31
Mar
12

Roleplaying Family Trees

"Out in the Streets ... 1972-1979". Rock family tree by Pete Frame

As is often the case, I come away from GaryCon all fired up about a project. In this case, it’s making a comprehensive family tree of gaming groups, modeled on the Seattle Band Map: a community-driven effort to document every local band that ever played a show or recorded a single, and demonstrate how they interconnect.

I’ve been fascinated by these kinds of lineages ever since seeing Pete Frame’s rock family trees in college. The specific impetus for me to pick this up at Gary Con was playing in the Dungeon! boardgame with Dave Megarry and thus getting to meet one of the two people who form the original branching of Dungeons & Dragons’ family tree: Arneson and Megarry traveled together to Lake Geneva to introduce Blackmoor and Dungeon! to Gary Gygax. I’ve learned a great deal from others who moved between the two groups, like Michael Mornard, and members of Arneson’s original gaming circle like Maj. Wesely and Ross Maker, and many others have worked on tracing the members of the earliest gaming groups.

I don’t think this should just be a backwards-facing enterprise, however. Someday the connections between our contemporary gaming groups will be just as interesting, and a lot easier to trace accurately. And the Seattle Band Project, like other genealogical efforts,  shows that filling in the gaps between the small and knowable origin and the huge and knowable current gaming scene is a doable task.

Does anyone out there in Muleland have skills that’d help make this project a reality? Experience with genealogy would be invaluable, of course, but there are a lot of database and visualization components involved as well, and probably there are lots of things I’m not even thinking about yet.


3 Responses to “Roleplaying Family Trees”


  1. 1 aromero5
    March 31, 2012 at 11:41 pm

    This sounds like a super-awesome component of the book you must eventually write. I don’t have anything to offer, except that to suggest you purchase a lot of fuzzy red string and push pins and clear a wall, preferably in a room with only a single naked light bulb. You should spend a lot of time alone in the room, also naked.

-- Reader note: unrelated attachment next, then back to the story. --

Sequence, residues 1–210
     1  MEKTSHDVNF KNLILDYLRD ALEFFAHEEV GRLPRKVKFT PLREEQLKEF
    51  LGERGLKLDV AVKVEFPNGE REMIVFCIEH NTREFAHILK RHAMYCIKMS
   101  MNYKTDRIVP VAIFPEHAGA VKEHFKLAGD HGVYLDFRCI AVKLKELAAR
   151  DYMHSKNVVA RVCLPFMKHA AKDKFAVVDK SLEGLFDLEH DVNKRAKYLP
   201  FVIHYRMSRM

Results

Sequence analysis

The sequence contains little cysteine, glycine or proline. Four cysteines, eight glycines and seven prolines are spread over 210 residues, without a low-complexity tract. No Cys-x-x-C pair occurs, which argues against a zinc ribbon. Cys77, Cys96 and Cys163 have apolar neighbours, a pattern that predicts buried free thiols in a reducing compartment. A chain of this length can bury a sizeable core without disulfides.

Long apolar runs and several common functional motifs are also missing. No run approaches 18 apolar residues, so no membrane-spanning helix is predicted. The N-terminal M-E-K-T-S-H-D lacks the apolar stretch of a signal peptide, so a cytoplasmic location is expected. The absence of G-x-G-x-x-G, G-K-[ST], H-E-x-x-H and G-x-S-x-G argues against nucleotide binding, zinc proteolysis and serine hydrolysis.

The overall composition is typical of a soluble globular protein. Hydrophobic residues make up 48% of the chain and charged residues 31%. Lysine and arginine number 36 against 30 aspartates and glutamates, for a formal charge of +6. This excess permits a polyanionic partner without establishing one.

2. 2 Adam
    March 31, 2012 at 11:54 pm

    One of the challenges would be to try to figure out how to handle brief play experiences. The principal connections in an RPG family tree ought to be at least moderately long-term groups: MAR Barker GMed for Arneson, X, Y, and Z, X GMed for A, B, and C, Arneson GMed for …, etc. But what do you do with “we’ve never been in a permanent campaign together, but we’ve played in 5 (or 10 or 30) con games (or Google Hangout games) together”? For example, Kevin Kulp has had a major influence on my gaming by providing a great example of a very successful way to GM, but I’ve never played in a regular game of his, only in games at cons and stuff. I think if you wanted to be inclusive of everything important, you would want to include links like that. Do you extend that out to people who’ve played together once or twice? Should we have a link? That’s important for trivia like calculating people’s Gygax number, but it’s usually not important for the propagation of play styles and norms. Except when it is–I think plenty of people can point to that single game experience that was eye-opening, or the people who played a game with its author and then brought it home to their gaming group. Anyway, I think those are things that are worth thinking about. The ties between gamers and among gaming groups are hugely important to any social history of gaming, but many of them are more ephemeral than for example ties between bands, and the heavily connected hubs are massively connected. There are GMs who have easily run for hundreds, probably even thousands of different players in some cases. (I wouldn’t be surprised if I’ve run for 100 people or so, and I’m not even a particularly highly linked GM.)

  3. April 2, 2012 at 4:16 am

    Sounds like a very cool project, Tavis: I’d buy one :D

    Allan.


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